As we were discussing in another thread yesterday, Crain’s is out with an article describing a select group of homeowners who bought a condo or other property in the city in their younger years, got married, had kids and now, because of housing declines, can not sell and move to the suburbs.
These are NOT people who have decided to buy a house in the GreenZone with the intent of staying in the city and sending their kids to the local schools.
These are people who otherwise would have moved to the suburbs (most likely those in the $250k to $400k price range – who are priced out of buying a single family home or even a townhouse in the GreenZone neighborhoods with “acceptable” schools.)
When Jill and Paul Syftestad’s oldest daughter was ready to start school four years ago, they put their South Loop townhouse on the market and planned to move to the suburbs.
One offer fell through at the last minute and a second was well below their asking price. “We had our hearts set on moving,” says Ms. Syftestad, an IT project manager at a nursing association. “We were devastated. We pulled it off the market and decided to stay.”
The recession dramatically slowed the number of people making the trek to the suburbs for bigger houses, safer neighborhoods and better schools. Unable or unwilling to leave the city, a small but growing group of middle-class families are turning to Chicago’s public and private schools, a development that holds both potential and peril for Mayor Rahm Emanuel and his efforts to improve the school system.
“I’ve had lots of clients who thought they would be able to sell their condo and can’t. So they are now trying to make it work” in city schools, says Christine Whitley, an education consultant who helps families through the Chicago Public Schools selection process. “They bought their condo way before they had kids and didn’t really factor schools into the equation. They figured they could sell and move to a better neighborhood or move to the suburbs. Now they can’t sell it, so they’re trying to figure out options” in the city.
“People are trapped,” says Tina Feldstein, a broker at Southport Sotheby’s International Realty in Chicago and president of the Prairie District Neighborhood Alliance, a South Loop association. “If they sell, they’ll take a major loss. They’re not in a position to do it. Everyone’s saying, ‘Next year, it will improve. Prices will get better.’ In the meantime, they’re forced to become involved in CPS schools.”
There’s no doubt that parental involvement is huge and has really boosted the prospects of some north side schools in recent years.
Rebecca Labowitz, a parent who blogs about the school system at CPSObsessed.com, points to the district’s newly formed Portfolio Office, which has community liaisons work with parent groups at individual schools.
Parental involvement is particularly effective at the elementary level. Activist parents raise money, expectations and standards. Some of the best-known examples are Alexander Graham Bell, Blaine, John C. Coonley and Nettelhorst elementary schools on the North Side. Nonprofit groups such as Friends of Coonley routinely raise more than $100,000 annually for extra teachers, equipment and programs such as ecology.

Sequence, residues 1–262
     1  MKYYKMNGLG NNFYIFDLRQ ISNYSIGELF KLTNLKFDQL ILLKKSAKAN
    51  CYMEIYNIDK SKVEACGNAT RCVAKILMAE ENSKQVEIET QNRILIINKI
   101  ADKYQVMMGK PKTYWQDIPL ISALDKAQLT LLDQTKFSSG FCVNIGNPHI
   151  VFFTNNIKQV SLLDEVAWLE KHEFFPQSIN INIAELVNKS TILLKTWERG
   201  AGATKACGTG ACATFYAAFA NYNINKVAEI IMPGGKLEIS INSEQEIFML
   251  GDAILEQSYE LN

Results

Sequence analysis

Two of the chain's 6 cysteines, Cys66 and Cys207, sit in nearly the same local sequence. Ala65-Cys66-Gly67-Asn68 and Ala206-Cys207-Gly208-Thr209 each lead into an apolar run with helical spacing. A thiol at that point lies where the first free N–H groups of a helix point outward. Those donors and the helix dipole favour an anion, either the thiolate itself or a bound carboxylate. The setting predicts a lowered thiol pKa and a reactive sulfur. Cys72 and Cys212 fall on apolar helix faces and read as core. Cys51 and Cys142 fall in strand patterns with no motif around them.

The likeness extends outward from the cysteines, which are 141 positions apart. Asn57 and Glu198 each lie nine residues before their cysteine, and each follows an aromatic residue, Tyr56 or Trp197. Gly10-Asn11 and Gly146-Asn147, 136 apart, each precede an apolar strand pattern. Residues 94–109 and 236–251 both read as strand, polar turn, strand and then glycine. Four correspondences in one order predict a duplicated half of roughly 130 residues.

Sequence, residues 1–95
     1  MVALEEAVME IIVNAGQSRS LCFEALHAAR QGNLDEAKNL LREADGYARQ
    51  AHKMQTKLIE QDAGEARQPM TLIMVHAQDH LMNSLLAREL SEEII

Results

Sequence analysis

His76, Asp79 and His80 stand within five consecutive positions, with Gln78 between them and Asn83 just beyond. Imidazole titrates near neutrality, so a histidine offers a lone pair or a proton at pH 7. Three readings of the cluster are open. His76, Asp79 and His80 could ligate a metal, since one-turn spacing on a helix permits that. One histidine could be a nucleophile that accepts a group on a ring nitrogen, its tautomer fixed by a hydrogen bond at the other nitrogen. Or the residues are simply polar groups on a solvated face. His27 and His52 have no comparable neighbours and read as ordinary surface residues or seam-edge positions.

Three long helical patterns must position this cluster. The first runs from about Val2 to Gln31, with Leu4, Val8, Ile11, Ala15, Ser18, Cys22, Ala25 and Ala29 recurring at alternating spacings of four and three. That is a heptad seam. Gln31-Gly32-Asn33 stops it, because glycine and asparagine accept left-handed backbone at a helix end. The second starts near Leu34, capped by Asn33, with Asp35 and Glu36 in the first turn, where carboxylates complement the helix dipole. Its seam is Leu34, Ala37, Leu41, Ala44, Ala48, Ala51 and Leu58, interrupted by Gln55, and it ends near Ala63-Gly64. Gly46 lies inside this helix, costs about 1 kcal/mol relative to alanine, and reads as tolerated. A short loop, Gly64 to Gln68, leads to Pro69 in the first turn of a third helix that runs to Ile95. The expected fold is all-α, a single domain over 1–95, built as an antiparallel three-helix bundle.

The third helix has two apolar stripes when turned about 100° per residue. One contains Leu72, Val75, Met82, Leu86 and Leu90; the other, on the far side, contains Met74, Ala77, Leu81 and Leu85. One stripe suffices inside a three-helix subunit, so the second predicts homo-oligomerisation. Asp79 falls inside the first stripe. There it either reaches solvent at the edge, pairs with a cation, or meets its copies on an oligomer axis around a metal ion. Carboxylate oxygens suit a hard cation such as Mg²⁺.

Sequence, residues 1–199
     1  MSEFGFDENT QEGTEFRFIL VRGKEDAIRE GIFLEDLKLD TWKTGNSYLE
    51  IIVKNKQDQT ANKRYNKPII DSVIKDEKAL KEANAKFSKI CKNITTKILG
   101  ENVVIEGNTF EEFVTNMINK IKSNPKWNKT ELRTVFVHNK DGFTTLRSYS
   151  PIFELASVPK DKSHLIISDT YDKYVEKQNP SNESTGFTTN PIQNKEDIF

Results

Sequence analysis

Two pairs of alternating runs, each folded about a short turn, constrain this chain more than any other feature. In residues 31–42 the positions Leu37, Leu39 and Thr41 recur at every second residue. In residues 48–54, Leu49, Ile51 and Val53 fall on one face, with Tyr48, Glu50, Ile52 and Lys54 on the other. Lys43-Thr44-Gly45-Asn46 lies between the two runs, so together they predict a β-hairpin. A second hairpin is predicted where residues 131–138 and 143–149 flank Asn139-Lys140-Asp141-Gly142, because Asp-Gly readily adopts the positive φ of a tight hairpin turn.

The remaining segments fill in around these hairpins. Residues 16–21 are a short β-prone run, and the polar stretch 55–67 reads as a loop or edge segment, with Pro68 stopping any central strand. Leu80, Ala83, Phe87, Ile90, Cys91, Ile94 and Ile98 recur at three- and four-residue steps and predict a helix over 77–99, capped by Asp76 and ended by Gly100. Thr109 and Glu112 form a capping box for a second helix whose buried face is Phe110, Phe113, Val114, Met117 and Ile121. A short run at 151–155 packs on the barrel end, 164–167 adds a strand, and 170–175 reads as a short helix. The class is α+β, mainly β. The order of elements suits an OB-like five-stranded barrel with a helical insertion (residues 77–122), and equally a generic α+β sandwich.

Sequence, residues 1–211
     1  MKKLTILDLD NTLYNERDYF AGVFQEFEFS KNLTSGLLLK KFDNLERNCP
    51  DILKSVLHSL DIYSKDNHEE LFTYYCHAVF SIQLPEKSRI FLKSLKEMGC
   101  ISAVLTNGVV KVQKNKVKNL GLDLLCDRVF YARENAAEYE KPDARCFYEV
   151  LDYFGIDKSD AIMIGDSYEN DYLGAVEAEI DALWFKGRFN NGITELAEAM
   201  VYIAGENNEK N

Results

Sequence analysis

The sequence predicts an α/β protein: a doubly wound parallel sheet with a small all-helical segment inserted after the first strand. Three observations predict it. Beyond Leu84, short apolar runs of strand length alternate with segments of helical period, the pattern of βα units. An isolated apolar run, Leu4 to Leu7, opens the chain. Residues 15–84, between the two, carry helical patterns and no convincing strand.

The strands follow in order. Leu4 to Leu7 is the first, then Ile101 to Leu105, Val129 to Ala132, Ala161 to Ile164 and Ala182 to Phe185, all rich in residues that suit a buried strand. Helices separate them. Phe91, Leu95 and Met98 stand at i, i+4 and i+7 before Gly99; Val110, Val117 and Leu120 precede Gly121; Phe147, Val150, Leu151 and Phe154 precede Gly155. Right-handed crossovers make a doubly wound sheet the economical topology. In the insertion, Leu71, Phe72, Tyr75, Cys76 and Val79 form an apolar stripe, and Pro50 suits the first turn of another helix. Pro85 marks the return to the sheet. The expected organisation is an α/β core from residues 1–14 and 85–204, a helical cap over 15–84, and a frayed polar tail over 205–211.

“Coonley was going be a school that was going to close,” says Mr. Pawar, whose ward is home to Coonley, Bell, Waters and Audubon schools. “Now it’s one of the best schools in the city.”
“I have always said we’d stay in the city so long as the schools were working,” says Julie Kraft, a banker who works downtown and lives on the North Side and whose children go to Louis J. Agassiz School in Lakeview. “At this point, I could see myself staying in the city throughout their education. We never said outright that as soon as they go to school we’d have to be in the suburbs.”
Parochial schools are benefiting, too. Enrollment at Catholic elementary schools in Chicago is up in each of the past two school years, the first time that’s happened since 1965. Suburban enrollment fell by 5.3 percent over two years, according to the Archdiocese of Chicago, mirroring a national decline in Catholic school enrollment.
One of the fastest-growing schools is Old St. Mary’s in the South Loop, where the Syftestads’ daughter Olivia is a third-grader. She started kindergarten in a CPS school but transferred because of large class sizes, Ms. Syftestad says, highlighting one of the challenges facing the mayor.
“We’re OK through elementary school. We’ll stay in the city as long as we can, provided we can navigate through CPS” for high school, she says. “If not, we’ll have to make the move. It’s a question we talk about all the time. We have about three years to figure it out.”
This article raises a whole host of questions such as:
1. What happens as more condo dwellers realize that housing is not going to rebound “next year”?
2. What happens with all those kids at Bell, Blaine and others when high school is looming? Do they all try and sell and move to the suburbs at the same time? Because they’re not all getting into the top city high schools or the top city private schools.
3. As the article indicates, could this really be a boom for the city as, at least in some neighborhoods, trapped parents are forced to improve the schools? (I realize this only really applies to the GreenZone.)
The Parent Trap [Crain's Chicago Business, John Pletz, March 26, 2012]